Rocky Ford, catalyst for overhaul to Colorado law on police hiring, fails to follow new rules

The town of Rocky Ford, which became a catalyst two years ago for overhauling Colorado’s laws on police hiring after one of its officers fatally shot an unarmed man in the back, reversed the hiring of a new officer this week amid concerns it violated the new law.

Police Chief Mickey Bethel said his department failed to adhere to the new law’s requirements. Bethel said that before making the recent hire he did not review the officer’s personnel records at a police agency that had fired the officer. The 2016 overhaul to state law on police hiring made such reviews of previous employment records a strict requirement for all police agencies.

“We didn’t have the information about him like we should have,” Bethel said. “I brought him on. Ultimately, it is on my shoulders.”

Bethel pledged two years ago to improve his department after controversy over Rocky Ford’s hiring of former police Officer James Ashby, convicted of second-degree murder in the fatal shooting of 27-year-old Jack Jacquez.

Bethel said he will conduct a review to determine if other hiring mistakes have been made.

A more careful pre-employment screening would have revealed Troy Morgan, hired in June to conduct police patrols, was fired in March from the Fowler Police Department after eight months on the job for safety violations, allegedly sexually harassing women, incorrect paperwork and unsafe control of a prisoner.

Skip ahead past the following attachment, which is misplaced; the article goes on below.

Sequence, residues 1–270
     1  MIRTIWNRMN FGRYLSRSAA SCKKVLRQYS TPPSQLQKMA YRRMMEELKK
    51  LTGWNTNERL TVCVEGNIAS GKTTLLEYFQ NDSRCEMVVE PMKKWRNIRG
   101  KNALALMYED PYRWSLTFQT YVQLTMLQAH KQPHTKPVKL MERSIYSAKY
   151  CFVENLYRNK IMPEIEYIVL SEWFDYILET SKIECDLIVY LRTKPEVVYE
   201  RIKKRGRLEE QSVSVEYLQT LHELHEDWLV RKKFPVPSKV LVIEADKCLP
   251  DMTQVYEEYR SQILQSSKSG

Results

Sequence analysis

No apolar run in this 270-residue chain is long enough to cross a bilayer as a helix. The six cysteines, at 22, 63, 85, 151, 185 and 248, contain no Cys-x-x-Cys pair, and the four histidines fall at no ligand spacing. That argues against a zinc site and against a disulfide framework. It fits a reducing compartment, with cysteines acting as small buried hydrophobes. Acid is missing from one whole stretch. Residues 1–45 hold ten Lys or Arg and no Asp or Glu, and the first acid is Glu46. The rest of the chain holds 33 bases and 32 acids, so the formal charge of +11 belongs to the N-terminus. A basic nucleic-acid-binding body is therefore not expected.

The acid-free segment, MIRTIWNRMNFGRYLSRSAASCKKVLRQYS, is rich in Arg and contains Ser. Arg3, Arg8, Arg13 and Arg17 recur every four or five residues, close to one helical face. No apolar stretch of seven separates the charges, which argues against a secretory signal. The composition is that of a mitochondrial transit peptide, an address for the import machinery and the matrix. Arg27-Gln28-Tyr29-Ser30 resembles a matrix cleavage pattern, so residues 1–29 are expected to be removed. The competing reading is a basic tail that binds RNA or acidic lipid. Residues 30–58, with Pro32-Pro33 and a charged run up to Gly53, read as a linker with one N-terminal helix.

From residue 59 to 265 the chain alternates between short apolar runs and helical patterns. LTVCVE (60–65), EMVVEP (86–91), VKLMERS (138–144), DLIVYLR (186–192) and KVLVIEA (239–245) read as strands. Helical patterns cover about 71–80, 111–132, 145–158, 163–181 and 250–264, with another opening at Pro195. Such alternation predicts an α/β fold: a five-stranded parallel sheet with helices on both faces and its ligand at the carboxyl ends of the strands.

Morgan told one woman in Fowler “she owes him one” after he let her go without citing her for failing to stop at a stop sign, according to his termination letter. A waitress also said he inappropriately talked about how slender she was while almost placing his hands on her hips. Morgan also ignored the Fowler department’s protocols and pursued a man driving a stolen vehicle on the wrong side of a highway, endangering other drivers, the termination letter states.

“In your short tenure with the Fowler Police Department you have continued to demonstrate that you are either unwilling to learn or abide by the policies of the department,” Fowler Police Chief Jacob Freidenberger wrote in the letter to Morgan informing him of his firing.

Bethel forced Morgan to resign Monday, within weeks of his hiring. Bethel said he knew Morgan had been fired in Fowler, but Morgan said during his interview that he had been unfairly retaliated against. Bethel said he decided to get a copy of Morgan’s termination letter from Fowler police after The Denver Post began probing. He said he found issues Morgan couldn’t clear up.

Bethel said he hired Morgan in part because he had worked before on the Rocky Ford police force. Morgan worked there from 2015 to 2017 before resigning.

Employment records show that during his previous tenure in Rocky Ford, Morgan accrued about a dozen policy violations for failing to use his body camera, pointing his service revolver at a citizen without justification, failing to show up for a trial where he was a witness and for a pattern of failing to complete his police reports on time. One of his fellow officers in Rocky Ford, complained to supervisors in 2017, “How long is it going to be before he gets one of us killed?” employment records show.

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